With such good looks and such a cosseting interior, the Ford Fiesta is one of the most desirable mid-size sedans in India. Pity, then, that it has been a disappointment on the sales charts. The reasons are many—relatively high price, only available as a diesel, and an EcoSport standing right next to the Fiesta in a Ford showroom! But how good is the Fiesta as a car for daily usage? We find out.
The new Fiesta looks better than most other cars in its class. It is aerodynamically superior too—every crease on the body not only looks good, it makes the car more slippery, cutting through the air. The large front grille not only is a pretty face, it lets in a lot of air to cool the engine. (The grille makes the Fiesta look so Aston Martin!) For the few days we had the Fiesta with us, it grabbed eyeballs every time we took it on the road.
The Fiesta gets Ford’s voice-operated Sync system which includes Emergency Assist and AppLink. (In the unlikely event of an accident, Emergency Assist can help you connect with emergency services; and AppLink helps you connect with smartphone apps using simple voice commands.) The top-end variant gets automatic headlamps, rain-sensing wipers and parking sensors (there is no rear-view camera, though). There are so many buttons on the dashboard that you may take time understanding all the features at your disposal. While the front-seat experience is good—apart from technology and the upmarket feel, there is ample legroom and headroom—users of other mid-size sedans will find the rear cramped, add to that a limited headroom because of the sloping roof. The Fiesta’s rear space is not the best-in-class—bad because a large number of cars in this class in India are chauffeur-driven.
The Fiesta is one of the safest cars on Indian roads. Not only because it gets airbags and ABS as standard, but also because Ford has used boron steel in its construction—four times stronger than standard high strength steel, boron steel reinforces the car at key points. We suggest you check out Will It Blend?—a marketing campaign demonstrating the Blendtec line of blenders—in which Blendtec founder Tom Dickson attempts to blend unusual items to show off the power of his blender. When he tries to blend a chunk of boron steel as used in the Fiesta, he fails. (http://goo.gl/WE7cd9)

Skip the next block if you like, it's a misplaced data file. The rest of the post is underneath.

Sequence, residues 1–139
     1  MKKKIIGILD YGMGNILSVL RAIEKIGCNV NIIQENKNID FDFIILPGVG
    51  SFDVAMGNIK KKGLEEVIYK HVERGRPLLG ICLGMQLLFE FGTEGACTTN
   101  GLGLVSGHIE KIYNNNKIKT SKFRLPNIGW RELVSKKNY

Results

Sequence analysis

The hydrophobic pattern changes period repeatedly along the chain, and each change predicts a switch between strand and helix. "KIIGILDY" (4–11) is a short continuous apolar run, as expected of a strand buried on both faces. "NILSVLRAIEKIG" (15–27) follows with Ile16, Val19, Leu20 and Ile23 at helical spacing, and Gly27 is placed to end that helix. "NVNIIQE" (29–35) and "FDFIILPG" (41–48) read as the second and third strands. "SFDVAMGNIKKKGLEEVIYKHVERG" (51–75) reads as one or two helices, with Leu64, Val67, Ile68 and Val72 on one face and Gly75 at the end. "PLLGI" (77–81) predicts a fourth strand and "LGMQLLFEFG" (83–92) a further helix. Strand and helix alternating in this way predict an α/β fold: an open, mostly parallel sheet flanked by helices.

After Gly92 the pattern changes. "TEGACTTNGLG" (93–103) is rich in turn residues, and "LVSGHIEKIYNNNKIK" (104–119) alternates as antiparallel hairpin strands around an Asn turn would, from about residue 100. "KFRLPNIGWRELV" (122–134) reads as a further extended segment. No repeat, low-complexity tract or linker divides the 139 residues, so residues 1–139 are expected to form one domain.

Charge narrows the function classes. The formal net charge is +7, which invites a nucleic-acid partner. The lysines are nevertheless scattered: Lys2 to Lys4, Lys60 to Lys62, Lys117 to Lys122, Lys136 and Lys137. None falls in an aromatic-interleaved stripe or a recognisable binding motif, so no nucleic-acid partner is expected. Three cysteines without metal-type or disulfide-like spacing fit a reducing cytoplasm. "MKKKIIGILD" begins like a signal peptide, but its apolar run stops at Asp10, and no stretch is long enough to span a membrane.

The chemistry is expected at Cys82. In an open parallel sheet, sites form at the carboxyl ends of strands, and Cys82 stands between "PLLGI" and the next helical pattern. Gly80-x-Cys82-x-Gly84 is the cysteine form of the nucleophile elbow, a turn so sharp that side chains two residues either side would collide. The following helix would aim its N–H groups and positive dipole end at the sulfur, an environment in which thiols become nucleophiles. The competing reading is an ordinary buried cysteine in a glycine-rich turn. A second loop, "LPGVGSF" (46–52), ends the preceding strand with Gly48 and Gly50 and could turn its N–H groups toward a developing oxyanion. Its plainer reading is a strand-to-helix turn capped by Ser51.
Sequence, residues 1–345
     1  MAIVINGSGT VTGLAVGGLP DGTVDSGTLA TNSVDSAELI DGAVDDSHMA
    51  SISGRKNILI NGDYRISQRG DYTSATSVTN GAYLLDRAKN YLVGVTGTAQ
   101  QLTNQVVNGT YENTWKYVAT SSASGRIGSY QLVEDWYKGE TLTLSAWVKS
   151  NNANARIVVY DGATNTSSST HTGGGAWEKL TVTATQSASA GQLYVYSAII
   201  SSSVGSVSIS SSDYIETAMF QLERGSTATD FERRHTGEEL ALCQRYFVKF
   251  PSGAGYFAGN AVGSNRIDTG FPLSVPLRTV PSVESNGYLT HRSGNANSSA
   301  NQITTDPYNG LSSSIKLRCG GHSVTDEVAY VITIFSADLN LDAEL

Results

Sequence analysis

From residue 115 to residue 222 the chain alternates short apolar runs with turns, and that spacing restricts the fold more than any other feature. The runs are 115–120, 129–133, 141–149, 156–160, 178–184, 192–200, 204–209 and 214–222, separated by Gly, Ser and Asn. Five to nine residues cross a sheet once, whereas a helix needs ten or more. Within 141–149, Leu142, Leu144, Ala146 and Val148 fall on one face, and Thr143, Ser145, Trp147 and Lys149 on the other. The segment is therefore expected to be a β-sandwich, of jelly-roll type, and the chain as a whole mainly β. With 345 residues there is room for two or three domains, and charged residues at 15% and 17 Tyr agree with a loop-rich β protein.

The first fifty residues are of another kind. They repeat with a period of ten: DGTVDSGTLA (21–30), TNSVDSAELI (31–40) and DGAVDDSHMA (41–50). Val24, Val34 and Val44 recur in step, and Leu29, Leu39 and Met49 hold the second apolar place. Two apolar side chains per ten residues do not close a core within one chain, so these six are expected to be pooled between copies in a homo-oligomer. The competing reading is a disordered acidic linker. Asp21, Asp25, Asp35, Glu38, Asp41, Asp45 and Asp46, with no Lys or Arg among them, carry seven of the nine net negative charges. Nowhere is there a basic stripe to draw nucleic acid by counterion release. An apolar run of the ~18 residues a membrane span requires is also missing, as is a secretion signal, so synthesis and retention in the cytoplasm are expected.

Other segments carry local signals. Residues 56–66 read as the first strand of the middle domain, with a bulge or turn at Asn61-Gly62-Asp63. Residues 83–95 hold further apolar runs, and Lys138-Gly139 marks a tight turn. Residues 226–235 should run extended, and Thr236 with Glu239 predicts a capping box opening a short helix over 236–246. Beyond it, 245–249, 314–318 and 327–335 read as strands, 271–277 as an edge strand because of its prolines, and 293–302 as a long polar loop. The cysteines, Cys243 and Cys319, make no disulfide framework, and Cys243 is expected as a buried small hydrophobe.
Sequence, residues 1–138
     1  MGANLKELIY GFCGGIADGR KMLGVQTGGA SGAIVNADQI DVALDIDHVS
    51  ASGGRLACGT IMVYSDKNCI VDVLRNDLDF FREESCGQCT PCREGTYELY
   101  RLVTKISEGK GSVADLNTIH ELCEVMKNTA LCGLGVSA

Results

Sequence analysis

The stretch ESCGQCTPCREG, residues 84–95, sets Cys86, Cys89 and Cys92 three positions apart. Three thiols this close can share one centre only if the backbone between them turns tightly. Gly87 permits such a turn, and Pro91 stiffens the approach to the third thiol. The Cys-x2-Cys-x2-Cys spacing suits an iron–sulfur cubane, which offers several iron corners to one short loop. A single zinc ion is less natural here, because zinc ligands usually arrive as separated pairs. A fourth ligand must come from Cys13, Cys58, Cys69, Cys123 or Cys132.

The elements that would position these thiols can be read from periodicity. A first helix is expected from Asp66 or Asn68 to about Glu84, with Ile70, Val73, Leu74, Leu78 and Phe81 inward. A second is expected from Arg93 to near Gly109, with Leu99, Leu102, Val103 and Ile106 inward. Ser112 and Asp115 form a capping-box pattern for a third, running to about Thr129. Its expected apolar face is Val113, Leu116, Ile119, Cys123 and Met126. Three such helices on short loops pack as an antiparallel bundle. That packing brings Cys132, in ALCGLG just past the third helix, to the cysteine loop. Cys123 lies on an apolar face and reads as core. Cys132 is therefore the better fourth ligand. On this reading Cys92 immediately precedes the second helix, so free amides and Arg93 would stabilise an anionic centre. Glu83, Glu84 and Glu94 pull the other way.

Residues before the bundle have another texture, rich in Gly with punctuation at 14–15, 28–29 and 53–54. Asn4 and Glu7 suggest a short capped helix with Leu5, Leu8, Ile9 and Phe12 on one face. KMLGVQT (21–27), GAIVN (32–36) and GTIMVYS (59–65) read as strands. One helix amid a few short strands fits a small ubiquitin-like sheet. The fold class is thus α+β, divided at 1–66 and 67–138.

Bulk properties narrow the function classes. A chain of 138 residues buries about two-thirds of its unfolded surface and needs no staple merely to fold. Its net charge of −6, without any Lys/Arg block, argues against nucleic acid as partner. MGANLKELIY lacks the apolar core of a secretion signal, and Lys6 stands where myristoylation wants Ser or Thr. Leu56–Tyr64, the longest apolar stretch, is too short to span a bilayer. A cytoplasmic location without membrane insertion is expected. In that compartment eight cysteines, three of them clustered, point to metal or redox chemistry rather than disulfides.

Unlike the previous generation which got both petrol and diesel engines, the new Fiesta gets only a diesel. There’s no automatic version either. This 1.5-litre TDCi motor produces 91 PS of peak power output with 205 Nm of torque. The ARAI-certified mileage is 25.01 kmpl. Driving in peak Delhi traffic we got a mileage of 15-17 kmpl, which increased to 25 kmpl on the highway (at steady 80 kmph). Ford says the new design reduces drag by 3%, translating into better fuel efficiency. The engine is not very quick initially, but once it crosses 2,000 rpm, the power delivery is consistent. The car feels stable in a straight line high-speed drive and is confident around corners.
The Fiesta is one of the most desirable mid-size sedans in India, yet it hasn’t been able to compete with Honda City, Hyundai Verna or Maruti Ciaz, or even the Volkswagen Vento. To the reasons we mentioned earlier—relatively high price (R8.5 lakh to R10.2 lakh), only available as a diesel, and an EcoSport standing right next to the Fiesta in the showroom—we add a cramped rear seating area and poor marketing. So, what can Ford do to sell the Fiesta in larger numbers? A few suggestions are:
Introduce a petrol variant. Because the Fiesta is clearly a driver’s car, a powerful petrol engine makes more sense. It will also reduce the entry-level sticker price, attracting more people towards it, some of whom may then consider the diesel variant too.
Train salesmen to spot the potential Fiesta buyer. We went to two Ford showrooms and saw the salesmen were focusing more on the EcoSport.
Clearly differentiate the Classic and the Fiesta. We found even people at the dealerships calling the Ford Classic as the Fiesta Classic, confusing the buyers.
What can Ford do to give the Fiesta more volumes
* Introduce a petrol variant. Because the Fiesta is clearly a driver’s car, a powerful petrol engine makes more sense. It will also reduce the entry-level sticker price, attracting more people towards it.
* Train salesmen to spot the potential Fiesta buyer. We went to two Ford showrooms and found that the salesmen were more interested in selling the EcoSport.
* Clearly differentiate the Classic and the Fiesta. Some people even at the dealerships called the Ford Classic as the Fiesta Classic. This may confuse the buyers.
(Prices are ex-showroom, Delhi)